Cynthia Ozick Cynthia Ozick American Literature Analysis

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Cynthia Ozick American Literature Analysis

(Masterpieces of American Literature)

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In her essays, as well as her fiction, Ozick has repeatedly returned to a handful of themes connected with problems created by being Jewish in a secular society. In the earlier works Trust and The Pagan Rabbi, and Other Stories, the Jewish connection is most obvious. In later works, the moral burden placed on post-Holocaust Jewish generations, while it might be less pronounced, remains indigenous to the characters’ psyches. Ozick’s work serves as a reminder that it is impossible to separate modern Judaism from the devastation that Jewish culture endured during World War II, because Judaism in a vast majority of the civilized world was directly affected. As a result of Adolf Hitler’s “final solution” (his attempted extermination of the Jews), the Jewish community in the United States burgeoned, the state of Israel was formed, and European Jewish culture, developed over centuries, was decimated.

Ozick chose a career as a storyteller, yet she has remained unsure of the morality of telling stories. Whether the creativity that inspires storytelling is in conflict with the biblical Second Commandment prohibiting idol worship, and whether the human creativity required to enter an author’s make-believe world competes with the world of the Creator of the Universe are common themes in Ozick’s fiction. Yet her assertion that people become what they most desire to contend with is how Ozick has justified the apparent moral conflict with her career choice. “Usurpation (Other People’s Stories)” warns against this bending of the Mosaic rule, while “The Pagan Rabbi” illustrates the dangerous results when the creative imagination is allowed to overtake the Jewish mind-set.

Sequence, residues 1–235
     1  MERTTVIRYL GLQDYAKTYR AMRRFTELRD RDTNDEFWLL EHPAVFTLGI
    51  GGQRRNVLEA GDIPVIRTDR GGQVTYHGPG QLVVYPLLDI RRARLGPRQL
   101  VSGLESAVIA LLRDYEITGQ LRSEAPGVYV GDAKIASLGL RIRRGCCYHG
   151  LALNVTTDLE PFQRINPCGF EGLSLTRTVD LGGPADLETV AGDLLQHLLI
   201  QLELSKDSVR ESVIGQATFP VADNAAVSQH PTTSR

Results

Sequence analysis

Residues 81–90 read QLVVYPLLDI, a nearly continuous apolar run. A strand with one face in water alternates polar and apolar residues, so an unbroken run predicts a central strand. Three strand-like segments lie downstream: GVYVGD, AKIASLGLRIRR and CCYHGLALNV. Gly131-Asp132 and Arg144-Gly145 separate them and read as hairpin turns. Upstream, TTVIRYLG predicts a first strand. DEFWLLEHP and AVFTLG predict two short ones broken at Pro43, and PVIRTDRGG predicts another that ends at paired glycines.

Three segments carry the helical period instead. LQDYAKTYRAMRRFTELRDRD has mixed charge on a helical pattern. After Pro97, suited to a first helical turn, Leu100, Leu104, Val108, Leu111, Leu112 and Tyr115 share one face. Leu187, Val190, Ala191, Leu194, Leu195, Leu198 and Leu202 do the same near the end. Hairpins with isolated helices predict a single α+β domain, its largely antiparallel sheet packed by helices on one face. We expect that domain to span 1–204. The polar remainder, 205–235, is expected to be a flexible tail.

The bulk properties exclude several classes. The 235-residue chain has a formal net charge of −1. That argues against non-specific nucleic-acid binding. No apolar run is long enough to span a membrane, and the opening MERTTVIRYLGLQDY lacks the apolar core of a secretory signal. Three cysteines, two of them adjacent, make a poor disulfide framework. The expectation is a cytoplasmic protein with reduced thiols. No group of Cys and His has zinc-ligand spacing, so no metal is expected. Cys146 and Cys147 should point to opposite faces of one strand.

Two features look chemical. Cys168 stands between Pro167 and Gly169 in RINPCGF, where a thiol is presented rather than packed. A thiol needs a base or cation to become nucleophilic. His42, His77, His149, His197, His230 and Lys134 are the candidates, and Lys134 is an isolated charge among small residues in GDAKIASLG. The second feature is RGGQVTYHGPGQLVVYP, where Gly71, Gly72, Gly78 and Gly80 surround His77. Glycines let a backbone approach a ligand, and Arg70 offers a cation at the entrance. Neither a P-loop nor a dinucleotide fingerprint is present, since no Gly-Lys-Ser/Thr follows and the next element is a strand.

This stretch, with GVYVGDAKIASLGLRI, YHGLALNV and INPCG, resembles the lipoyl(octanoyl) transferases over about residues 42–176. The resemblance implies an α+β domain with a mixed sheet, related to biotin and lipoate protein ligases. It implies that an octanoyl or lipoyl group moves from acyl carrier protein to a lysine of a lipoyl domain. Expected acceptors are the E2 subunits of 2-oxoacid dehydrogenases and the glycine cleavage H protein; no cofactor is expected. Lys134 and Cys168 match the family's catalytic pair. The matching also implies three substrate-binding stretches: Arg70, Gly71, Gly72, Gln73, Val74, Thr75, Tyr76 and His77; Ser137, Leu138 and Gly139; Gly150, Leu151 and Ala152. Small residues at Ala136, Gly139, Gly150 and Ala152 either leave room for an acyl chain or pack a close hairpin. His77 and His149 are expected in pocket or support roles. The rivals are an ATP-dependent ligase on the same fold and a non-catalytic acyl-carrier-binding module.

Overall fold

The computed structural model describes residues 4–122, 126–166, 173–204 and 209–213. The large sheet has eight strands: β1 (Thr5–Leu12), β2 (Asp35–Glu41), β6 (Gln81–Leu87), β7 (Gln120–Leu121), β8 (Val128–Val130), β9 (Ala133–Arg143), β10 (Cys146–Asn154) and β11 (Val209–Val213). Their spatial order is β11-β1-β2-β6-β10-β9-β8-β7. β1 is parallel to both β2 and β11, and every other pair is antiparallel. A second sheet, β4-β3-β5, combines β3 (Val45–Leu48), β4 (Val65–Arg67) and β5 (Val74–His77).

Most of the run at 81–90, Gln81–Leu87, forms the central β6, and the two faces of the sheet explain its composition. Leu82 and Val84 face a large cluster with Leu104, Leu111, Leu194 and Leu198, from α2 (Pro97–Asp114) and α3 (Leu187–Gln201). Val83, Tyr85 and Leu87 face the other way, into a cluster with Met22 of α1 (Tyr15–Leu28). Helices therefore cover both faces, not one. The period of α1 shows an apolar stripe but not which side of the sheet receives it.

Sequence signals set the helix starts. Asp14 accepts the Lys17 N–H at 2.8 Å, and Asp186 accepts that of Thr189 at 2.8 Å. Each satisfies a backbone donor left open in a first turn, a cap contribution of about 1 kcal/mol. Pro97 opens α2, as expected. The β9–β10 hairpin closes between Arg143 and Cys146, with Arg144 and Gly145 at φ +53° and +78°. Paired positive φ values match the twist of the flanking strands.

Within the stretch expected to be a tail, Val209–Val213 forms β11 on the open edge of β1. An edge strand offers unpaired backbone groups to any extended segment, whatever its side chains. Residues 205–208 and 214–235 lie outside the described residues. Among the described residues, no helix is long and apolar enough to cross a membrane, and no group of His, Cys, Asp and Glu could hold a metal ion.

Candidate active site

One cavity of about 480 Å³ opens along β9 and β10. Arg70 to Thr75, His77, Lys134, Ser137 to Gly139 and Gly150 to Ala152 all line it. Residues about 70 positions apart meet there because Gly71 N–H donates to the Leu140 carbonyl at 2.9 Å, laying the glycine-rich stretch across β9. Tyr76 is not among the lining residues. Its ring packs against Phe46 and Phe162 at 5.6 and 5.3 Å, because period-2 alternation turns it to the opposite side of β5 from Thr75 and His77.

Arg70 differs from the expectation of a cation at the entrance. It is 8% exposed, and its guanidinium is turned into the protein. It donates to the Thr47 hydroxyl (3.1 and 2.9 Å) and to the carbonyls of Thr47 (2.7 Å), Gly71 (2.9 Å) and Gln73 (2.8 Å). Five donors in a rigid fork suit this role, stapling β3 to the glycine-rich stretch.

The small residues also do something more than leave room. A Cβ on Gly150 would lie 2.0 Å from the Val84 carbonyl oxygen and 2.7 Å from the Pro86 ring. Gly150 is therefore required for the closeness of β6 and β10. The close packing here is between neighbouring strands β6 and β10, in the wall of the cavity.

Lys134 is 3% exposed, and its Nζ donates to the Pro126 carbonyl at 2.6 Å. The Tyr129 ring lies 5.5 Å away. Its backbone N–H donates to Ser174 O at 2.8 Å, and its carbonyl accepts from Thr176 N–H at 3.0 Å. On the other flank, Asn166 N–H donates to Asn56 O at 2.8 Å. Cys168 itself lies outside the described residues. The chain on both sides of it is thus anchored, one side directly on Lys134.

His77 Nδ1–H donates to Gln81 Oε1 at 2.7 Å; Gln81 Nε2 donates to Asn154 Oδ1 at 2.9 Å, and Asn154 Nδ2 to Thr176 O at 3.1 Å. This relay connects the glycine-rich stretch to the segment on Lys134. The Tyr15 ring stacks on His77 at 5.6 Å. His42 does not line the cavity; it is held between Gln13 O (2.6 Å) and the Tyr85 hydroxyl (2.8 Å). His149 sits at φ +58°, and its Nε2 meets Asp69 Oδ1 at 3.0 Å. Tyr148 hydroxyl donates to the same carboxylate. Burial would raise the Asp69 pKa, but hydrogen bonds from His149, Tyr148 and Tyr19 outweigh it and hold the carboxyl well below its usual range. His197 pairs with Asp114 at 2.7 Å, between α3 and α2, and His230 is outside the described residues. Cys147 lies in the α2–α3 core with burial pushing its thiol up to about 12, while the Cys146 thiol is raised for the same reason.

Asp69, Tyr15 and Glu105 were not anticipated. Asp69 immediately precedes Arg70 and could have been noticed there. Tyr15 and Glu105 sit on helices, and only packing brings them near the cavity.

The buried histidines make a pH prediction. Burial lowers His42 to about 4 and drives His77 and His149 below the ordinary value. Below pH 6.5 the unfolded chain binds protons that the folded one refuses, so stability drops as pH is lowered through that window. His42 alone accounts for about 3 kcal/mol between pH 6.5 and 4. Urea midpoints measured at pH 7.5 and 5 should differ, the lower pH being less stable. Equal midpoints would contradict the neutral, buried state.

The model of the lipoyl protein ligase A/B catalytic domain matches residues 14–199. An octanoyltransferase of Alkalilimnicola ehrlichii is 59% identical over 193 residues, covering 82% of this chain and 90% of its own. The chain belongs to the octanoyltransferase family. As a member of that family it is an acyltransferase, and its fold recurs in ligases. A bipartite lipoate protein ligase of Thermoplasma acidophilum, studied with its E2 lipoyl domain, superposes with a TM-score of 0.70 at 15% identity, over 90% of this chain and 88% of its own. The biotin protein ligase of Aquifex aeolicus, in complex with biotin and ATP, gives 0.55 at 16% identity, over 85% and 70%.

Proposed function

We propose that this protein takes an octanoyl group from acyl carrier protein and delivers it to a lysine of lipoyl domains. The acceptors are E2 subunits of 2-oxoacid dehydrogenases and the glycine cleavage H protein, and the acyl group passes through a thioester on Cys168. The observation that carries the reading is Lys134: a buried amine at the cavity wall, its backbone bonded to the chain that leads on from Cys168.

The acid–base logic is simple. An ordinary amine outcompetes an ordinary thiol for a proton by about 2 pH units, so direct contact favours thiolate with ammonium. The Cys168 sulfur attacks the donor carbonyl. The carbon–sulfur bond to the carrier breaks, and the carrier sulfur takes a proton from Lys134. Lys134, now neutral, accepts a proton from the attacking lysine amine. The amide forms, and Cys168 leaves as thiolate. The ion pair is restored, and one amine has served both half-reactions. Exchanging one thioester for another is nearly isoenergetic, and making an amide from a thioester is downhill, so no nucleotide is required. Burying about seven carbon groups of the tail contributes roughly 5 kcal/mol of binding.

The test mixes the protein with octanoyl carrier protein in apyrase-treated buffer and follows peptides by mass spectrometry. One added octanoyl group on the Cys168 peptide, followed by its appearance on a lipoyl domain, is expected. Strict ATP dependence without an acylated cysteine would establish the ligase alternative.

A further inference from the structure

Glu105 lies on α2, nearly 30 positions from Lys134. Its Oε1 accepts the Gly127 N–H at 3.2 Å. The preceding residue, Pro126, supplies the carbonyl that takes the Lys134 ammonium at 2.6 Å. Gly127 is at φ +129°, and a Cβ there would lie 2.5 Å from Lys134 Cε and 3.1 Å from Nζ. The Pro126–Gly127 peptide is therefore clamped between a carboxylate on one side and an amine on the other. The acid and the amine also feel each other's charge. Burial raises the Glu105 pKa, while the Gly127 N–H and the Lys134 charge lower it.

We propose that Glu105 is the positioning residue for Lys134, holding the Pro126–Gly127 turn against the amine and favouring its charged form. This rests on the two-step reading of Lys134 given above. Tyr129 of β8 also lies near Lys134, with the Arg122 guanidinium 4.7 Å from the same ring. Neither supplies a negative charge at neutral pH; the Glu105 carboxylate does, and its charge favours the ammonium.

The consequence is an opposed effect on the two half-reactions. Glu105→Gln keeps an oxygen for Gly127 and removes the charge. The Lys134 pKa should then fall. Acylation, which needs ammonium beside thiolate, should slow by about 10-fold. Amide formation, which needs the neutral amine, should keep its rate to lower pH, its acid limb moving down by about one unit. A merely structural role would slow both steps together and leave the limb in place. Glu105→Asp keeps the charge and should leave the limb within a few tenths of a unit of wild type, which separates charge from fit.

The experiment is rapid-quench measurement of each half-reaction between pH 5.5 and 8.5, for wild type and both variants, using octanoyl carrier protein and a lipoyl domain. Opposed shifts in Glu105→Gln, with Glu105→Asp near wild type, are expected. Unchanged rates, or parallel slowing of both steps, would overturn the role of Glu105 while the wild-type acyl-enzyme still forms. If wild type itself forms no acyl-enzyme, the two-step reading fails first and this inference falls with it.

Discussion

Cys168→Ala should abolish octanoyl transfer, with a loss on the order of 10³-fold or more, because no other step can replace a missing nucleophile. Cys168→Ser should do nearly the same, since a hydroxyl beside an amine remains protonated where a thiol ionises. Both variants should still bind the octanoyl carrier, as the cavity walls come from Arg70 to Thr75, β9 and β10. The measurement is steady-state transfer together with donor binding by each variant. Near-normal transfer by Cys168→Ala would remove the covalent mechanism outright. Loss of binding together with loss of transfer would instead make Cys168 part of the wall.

Another of her interests that recurs in several Ozick works is the nature of language and its influence upon human culture. Because Ozick is a highly articulate writer who manipulates language with enormous precision and artistry, this latter curiosity is not surprising. Not only is Ozick a master of English, the secular language, she also reveals her deep affection for Yiddish, the mamaloshen, or mother tongue, in stories such as “Envy: Or, Yiddish in America.”

This interest in language has fueled Ozick’s desire to plow through her vast and ever-growing reading list. Although she has read widely and broadly, Ozick has “collected” twentieth century writers, most of whom are either Jewish or women (Bernard Malamud and Virginia Woolf, to name two). Ozick has used reading to prime herself for writing, and much of her fiction has been inspired by writers whose work she has read. In an interview, she commented, “I read in order to write.” The Messiah of Stockholm illustrates what Ozick meant by this. This title is borrowed from Polish writer Bruno Schulz’s lost manuscript “The Messiah,” and the plot is about the pursuit of the vanished masterwork. “Envy: Or, Yiddish in America” incorporates a caricature of another Jewish writer, Nobel laureate Isaac Bashevis Singer.

Other than reading, a main source of Ozick’s inspiration has been her well-grounded Jewish knowledge. Her familiarity with the Talmud (the authoritative body of Jewish tradition and laws) and Kabbala (Jewish mysticism) has often been the foundation upon which Ozick has built her prose. In The Puttermesser Papers, the protagonist, using ancient rituals, creates a golem out of the earth of her houseplants. Ozick writes about Jewish matters with authority and authenticity, whether her characters be observant or assimilated Jews.

One drawback with being an intellectual and a writer of ideas is that Ozick’s characterizations tend to lack warmth, often making it difficult for the average reader to identify with her characters. Protagonists such as Lars Andemening in The Messiah of Stockholm contribute to this perception of Ozick as a writer of ideas rather than as a window on the human condition. Lars, although an interesting character, has no ability to form lasting relationships and has...

(The entire section is 4,760 words.)